Written by: Donnie Cates
Art by: Geoff Shaw & Jason Wordie
Published by: Image Comics
God Country is going to be the next great Image book.
Perhaps arriving at that conclusion after a single issue is a bit premature. The debut could be one gigantic red herring. But it is such an incredible first outing that I have a hard time believing that will end up being the case. God Country thrives in the realm of the unexpected, and it’s better for it.
Because I avoid solicitations, I don’t know which plot details were already swirling around. Fortunately, I managed to avoid all of them. When I started reading this issue, I assumed it was telling a story in the vein of Southern Bastards: a character-focused story about the southern United States.
I guess, in some ways, it is. The first half of the issue wears that identity on its sleeve, as far as I can tell. Cates uses most of this page space on character moments, which serve to establish who these people are. More importantly, they establish the conflicts between the characters–conflicts that feel very real. I came out already caring about the character dynamics.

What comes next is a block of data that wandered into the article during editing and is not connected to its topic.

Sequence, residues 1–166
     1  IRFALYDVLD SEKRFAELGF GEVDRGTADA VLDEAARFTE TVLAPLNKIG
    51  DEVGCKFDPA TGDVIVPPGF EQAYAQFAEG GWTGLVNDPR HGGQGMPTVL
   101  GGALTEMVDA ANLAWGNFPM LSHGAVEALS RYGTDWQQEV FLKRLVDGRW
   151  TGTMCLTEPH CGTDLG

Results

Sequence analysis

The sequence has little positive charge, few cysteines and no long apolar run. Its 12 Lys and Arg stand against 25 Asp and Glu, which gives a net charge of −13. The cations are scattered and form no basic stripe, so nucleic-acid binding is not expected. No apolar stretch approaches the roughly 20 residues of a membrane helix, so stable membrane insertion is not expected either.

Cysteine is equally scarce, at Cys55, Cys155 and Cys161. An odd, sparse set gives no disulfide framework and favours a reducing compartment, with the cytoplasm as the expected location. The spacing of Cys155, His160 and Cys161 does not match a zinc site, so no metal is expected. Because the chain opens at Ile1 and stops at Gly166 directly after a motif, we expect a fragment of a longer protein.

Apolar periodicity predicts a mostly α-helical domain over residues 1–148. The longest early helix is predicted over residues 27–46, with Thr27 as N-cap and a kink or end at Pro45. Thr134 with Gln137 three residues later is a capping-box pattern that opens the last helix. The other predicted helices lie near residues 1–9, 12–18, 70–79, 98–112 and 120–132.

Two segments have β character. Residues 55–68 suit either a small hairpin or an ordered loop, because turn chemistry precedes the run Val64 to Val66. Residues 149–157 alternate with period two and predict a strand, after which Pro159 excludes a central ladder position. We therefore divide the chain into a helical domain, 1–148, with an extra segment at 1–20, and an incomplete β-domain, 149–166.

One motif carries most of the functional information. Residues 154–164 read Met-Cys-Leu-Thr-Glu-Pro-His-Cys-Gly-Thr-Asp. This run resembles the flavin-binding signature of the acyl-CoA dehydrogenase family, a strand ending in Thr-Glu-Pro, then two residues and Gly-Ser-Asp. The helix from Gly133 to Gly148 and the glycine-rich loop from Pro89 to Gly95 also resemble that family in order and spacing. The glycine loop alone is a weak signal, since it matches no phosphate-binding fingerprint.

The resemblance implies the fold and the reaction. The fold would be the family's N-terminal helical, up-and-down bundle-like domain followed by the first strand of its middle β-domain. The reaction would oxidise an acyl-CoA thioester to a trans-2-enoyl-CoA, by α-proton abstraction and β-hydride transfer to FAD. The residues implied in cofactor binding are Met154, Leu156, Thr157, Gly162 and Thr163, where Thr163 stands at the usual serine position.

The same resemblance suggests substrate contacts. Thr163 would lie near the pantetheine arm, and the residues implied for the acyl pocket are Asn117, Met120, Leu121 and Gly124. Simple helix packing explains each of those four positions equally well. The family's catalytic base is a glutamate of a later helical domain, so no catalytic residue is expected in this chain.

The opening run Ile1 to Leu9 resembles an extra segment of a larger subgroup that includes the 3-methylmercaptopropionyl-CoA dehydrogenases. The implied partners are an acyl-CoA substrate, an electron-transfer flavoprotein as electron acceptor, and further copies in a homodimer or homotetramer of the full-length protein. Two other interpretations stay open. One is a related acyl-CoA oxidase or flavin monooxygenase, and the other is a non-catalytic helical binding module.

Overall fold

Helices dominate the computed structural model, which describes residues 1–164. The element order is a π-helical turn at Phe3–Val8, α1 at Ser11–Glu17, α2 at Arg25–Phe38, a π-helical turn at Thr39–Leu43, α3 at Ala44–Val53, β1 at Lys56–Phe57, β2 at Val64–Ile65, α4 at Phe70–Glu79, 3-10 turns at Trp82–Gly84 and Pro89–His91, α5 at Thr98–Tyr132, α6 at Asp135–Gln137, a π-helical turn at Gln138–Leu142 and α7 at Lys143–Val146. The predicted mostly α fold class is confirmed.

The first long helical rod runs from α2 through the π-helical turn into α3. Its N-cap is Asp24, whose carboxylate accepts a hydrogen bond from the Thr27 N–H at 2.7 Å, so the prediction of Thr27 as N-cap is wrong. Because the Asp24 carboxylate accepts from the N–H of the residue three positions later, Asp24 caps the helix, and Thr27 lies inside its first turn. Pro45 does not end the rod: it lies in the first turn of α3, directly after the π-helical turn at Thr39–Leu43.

It’s a rare book that is able to deliver emotional pay off in its first issue.
And then the second half of the book goes off the fucking rails.
I guess I should say that, even before the fantastical twist, I was incredibly invested in the story being told. I really hope the family conflicts don’t get lost going forward. In fact, I feel that they need to remain the focus of the book.
But also the grandfather stole a god’s sword and used it against a demon? Like, holy shit. That’s pretty goddamn cool. And it looks the part. Geoff Shaw’s art, with Jason Wordie’s colors, brings the panels to life. They’re gorgeous to look at, capturing the grandiose nature of God Country.
And Donnie Cates? He knows when to get out of the way. There are some pretty wordy pages in this comic, but man, knowing when and where to employ them is what pushes this book over the top. Of course, credit here goes to letterer John J Hill as well, who never once lets the writing cover up important aspects of the art.
Narratively, Cates is doing some interesting things as well. From the get-go, he establishes that we’re dealing with an unreliable narrator. I’m excited to see how Cates takes advantage of that particular aspect of the story going forward.
I cannot recommend God Country #1 enough. I know this review is coming out a bit late, but seriously: go back to your comic book store and get this book. Cates, Shaw, Wordie, and Hill have crafted something special here. It would be a shame for your dollars to be wasted elsewhere.